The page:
False teaching thrives in environments where there is no scrutiny. Charlatans and heretics continue to prey on shallow minds and work tirelessly to dismantle every challenge to their authority and accuracy. Any examination, any scrutiny is viewed as unloving, ungracious, and divisive. We are living in a time when men with convictions, men who speak up and confront doctrinal errors are not popular. Such men are branded as troublemakers.
The slogan frequently repeated by self-styled preachers as a means of manipulating people is, “Touch not my anointed”. They abuse the plain meaning of scripture in an attempt to exploit the fears of the immature and vulnerable by suggesting that they are authorities chosen by God. Today, in the so-called “charismatic movement” there are ever-increasing bogus claims of supernatural phenomena as proof of anointing. One of the first things that mark a false teacher is that they claim to be the Lord’s anointed. Then they tell you, “Don’t touch the Lord’s anointed.”
Christians are afraid that the judgment of God would fall upon them if they question those who claim to be servants of God. These ‘scripture twisters’ provide pretext (text taken out of context) for self-indulgence and sin for their followers, as well as themselves. They abuse Bible verses to fit their independence. But such a one-sided view of Scripture leaves false teachers on safe ground. We have given such impostors unwarranted immunity from the scrutiny of Scriptural standards for a servant of God. We never bother to test their teachings. They can preach any nonsense and get away with it. They confidently go about their business without fear, claiming divine protection upon themselves.
What does this phrase, “Touch not my anointed ones” actually mean in the context?
I Chronicles 16 gives an account of bringing the Ark of God into the tent that David had pitched. David appointed some of the Levites to minister before the ark of the Lord, to extol, thank, and praise the Lord, the God of Israel. This phrase is actually a verse that comes from a praise song of Asaph the chief Levites as directed by David.
Touch not my anointed ones, do my prophets no harm! – 1 Chronicle 16:22
This text does not refer to prophets of the LORD in the New Covenant sense, but to the original patriarchs. The direct reference, most likely, is to Genesis 20 when Abimelech was rebuked by God in a dream not to touch Sarah, Abraham’s wife.
There is no question that our spiritual leaders deserve all our respect and trust, and that we should honor their authority. Of course, true teachers of the Word are to exercise their God-given role as an authority, but not these hucksters of the word who persistently act contrary to sound doctrine and who seek to stir rebellion in the church. These heretics threaten their hearers, arrogantly posing themselves as religious experts who have an elevated and esoteric form of divine knowledge. In recent times, some of the most notorious charismatic leaders have been doing that, and Benny Hinn is at the top of the list.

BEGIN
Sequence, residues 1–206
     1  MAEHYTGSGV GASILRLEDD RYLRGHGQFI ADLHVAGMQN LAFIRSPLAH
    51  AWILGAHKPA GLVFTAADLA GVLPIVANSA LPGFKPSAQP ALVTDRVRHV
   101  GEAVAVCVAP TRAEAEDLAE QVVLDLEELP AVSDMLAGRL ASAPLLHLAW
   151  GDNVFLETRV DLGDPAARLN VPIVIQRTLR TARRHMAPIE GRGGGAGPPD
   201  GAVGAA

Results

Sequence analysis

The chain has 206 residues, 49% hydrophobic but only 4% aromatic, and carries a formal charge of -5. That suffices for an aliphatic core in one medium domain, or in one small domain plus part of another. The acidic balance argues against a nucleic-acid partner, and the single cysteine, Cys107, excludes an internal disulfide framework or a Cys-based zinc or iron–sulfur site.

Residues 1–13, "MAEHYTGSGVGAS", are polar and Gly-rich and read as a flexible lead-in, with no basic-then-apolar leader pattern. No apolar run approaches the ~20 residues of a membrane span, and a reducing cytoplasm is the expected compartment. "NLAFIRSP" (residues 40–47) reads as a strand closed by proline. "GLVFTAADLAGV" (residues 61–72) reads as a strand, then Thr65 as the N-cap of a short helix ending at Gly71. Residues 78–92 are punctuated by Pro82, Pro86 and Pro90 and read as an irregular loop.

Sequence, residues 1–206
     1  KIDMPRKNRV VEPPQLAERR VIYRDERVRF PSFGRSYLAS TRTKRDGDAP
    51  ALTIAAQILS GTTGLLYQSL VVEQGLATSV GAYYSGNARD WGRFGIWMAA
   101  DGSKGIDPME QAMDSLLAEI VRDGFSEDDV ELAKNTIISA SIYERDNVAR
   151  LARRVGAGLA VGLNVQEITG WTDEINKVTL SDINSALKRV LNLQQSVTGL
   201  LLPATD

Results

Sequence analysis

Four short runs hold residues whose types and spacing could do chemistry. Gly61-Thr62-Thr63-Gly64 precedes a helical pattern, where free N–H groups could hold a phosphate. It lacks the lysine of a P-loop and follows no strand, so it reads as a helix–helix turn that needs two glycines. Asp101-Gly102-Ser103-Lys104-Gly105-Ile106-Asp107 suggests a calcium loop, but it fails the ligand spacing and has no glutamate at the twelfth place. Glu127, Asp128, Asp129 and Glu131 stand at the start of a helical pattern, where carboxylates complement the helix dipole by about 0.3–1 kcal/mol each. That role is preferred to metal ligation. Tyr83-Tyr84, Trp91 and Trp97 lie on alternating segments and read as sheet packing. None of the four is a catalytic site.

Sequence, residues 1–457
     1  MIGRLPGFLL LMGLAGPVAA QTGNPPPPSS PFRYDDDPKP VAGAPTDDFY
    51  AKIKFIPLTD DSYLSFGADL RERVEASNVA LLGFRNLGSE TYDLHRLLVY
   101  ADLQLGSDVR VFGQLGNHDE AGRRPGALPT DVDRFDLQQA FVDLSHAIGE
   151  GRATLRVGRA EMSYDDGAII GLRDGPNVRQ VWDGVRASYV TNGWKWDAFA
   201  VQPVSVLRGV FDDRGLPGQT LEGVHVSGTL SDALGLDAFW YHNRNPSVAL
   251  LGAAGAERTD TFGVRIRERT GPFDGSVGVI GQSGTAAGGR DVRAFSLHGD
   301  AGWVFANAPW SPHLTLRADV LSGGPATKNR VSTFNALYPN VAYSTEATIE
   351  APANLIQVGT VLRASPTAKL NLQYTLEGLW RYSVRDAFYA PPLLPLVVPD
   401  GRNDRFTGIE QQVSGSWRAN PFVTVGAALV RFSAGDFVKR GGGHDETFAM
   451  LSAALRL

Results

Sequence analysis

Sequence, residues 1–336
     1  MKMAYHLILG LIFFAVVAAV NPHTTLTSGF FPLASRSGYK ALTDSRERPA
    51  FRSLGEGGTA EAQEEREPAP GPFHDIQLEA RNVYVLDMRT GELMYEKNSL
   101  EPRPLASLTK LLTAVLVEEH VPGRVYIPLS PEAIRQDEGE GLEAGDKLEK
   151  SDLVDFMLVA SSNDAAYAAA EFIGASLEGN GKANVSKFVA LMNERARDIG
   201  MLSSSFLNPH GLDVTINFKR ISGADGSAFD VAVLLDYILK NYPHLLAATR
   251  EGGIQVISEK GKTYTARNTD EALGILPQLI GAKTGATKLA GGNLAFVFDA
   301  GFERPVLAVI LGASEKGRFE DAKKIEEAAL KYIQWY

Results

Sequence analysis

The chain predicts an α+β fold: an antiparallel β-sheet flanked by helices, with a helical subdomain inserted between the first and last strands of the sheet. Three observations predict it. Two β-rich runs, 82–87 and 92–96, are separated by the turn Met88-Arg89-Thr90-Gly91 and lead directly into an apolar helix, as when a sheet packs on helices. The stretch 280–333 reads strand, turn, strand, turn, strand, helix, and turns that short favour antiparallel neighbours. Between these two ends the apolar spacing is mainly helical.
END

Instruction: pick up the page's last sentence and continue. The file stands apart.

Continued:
Exercise spiritual discernment
According to the apostle John every true believer in the New Testament is an anointed one (1 John 2:26–27). The anointing we have as believers reveals the truth and exposes the lies of false teachers. Whenever someone claims that they are Lord’s anointed and should not be questioned, the red flag should go up and you must be on your spiritual guard. God has given the believer the gift of discernment, and we are to perform three basic tests (1 John 4:1-6) on all those who claim to speak for God:
Examine their manner of life
Examine their confession of Jesus through their teaching
Examine their view of scripture
When it comes to false teachers, the bible is very blunt. Jesus calls them ferocious wolves in sheep’s clothing. Peter calls them unreasoning animals, wells without water, clouds without rain, dogs that lick their own vomit (2 Peter 2). Paul calls them liars, empty-talkers, evil beasts, lazy gluttons, detestable, rebellious, disobedient, and worthless people, and he told Timothy that they must be muzzled, their mouths must be shut (Titus 1:10-16). Paul says to watch out for those who cause divisions by smooth words and flattering speech because they do not serve the Lord Jesus Christ, but their own belly (Romans 16:17-18).
God has revealed the truth in scripture. We are called to discern truth from error. Scripture clearly commands us to test everything and reject that which is false. No one has a right to tell us “don’t examine my teaching and my personal life”. That is exactly when you should counter him with the test of biblical discernment. Without examining, you will never uncover the wolf under the sheep’s clothing. Without judging, without evaluating, you will not perceive the dog or the liar or the evil beast.